Jenny Ryan health: Chaser recalls her gruelling anxiety battle – ‘Is my brain broken?’

Babylon Health: Tips for coping with anxiety and mental health

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Jenny Ryan is one of the more outgoing Chasers on ITV’s The Chase. Not content with defeating avid quizzing contestants, the general knowledge pro competed in the ITV competition series, The X Factor: Celebrity in 2019. Jenny, nicknamed the “The Vixen” on The Chase, has also not always had the confidence she possesses today.

Jenny was racked with anxiety during her childhood, which affected her schooling.

Speaking to, the Chaser described that fraught period.

She said: “I’d always been the genius of the family. Teachers said I’d definitely go to a top university and could do anything, even be Prime Minister.

“Suddenly, things got harder. I used to enjoy doing homework but stopped trying and felt drained. Anxiety started to build and I didn’t understand what was going on.”

Jenny added: “Back home I sat on my parents’ sofa and felt a lack of reality. My brain couldn’t process. I just flipped out. I thought – ‘what’s going on? Is my brain broken?’”

The quiz champ eventually consulted her doctor who attributed her descent to an anxiety attack.

How do I know if I have anxiety?

Anxiety is a natural human response when people feel that they are under threat.

It can be experienced through thoughts, feelings and physical sensations.

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However, anxiety can become a mental health problem if it impacts your ability to live your life as fully as you want to, explains UK mental health charity Mind.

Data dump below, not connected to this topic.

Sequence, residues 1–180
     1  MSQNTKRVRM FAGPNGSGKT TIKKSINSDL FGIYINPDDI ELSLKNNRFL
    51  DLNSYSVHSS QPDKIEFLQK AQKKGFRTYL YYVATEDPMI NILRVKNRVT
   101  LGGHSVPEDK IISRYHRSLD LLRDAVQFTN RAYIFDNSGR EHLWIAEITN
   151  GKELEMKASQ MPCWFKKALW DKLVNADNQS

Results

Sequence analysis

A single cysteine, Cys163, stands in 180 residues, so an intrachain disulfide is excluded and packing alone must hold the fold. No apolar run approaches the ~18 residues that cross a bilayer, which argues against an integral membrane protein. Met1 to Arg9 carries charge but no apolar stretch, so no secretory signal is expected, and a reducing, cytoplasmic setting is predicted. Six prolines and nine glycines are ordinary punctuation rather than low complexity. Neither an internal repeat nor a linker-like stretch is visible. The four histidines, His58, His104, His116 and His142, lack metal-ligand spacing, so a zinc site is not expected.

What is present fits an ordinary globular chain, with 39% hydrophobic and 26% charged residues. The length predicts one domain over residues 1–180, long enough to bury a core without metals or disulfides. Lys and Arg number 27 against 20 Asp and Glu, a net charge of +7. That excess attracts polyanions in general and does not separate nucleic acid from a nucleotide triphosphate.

For example, it may be a problem if:

  • Your feelings of anxiety are very strong or last for a long time
  • Your fears or worries are out of proportion to the situation
  • You avoid situations that might cause you to feel anxious
  • Your worries feel very distressing or are hard to control
  • You regularly experience symptoms of anxiety, which could include panic attacks
  • You find it hard to go about your everyday life or do things you enjoy.

“If your symptoms fit a particular set of medical criteria then you might be diagnosed with a particular anxiety disorder,” explains Mind.

Generalised anxiety disorder (GAD) is a common anxiety disorder in adults.

“GAD is a long-term condition that causes you to feel anxious about a wide range of situations and issues, rather than one specific event,” explains the NHS.

How to treat anxiety disorders

GAD can have a significant effect on your daily life, but several different treatments are available that can ease your symptoms.

There are various evidence-based treatments that have been found to help with anxiety and panic disorder.

According to Mind, if self-help resources aren’t likely to help with the anxiety problems you’re experiencing, or you’ve already tried them and they haven’t helped, your doctor should offer you a talking treatment.

There are two types of talking treatment recommended for anxiety and panic:

  • Cognitive behavioural therapy (CBT) – this focuses on how your thoughts, beliefs and attitudes affect your feelings and behaviour, and teaches you coping skills for dealing with different problems.
  • Applied relaxation therapy – this involves learning how to relax your muscles in situations where you normally experience anxiety.

“Your doctor might offer to prescribe you medication to help manage your symptoms,” adds Mind.

“Some people find it helpful to try talking therapies and medication at the same time, but medication shouldn’t be the only thing you’re offered.”

Medications offered include:

  • Antidepressants
  • Pregabalin
  • Beta-blockers
  • Benzodiazepine tranquillisers.

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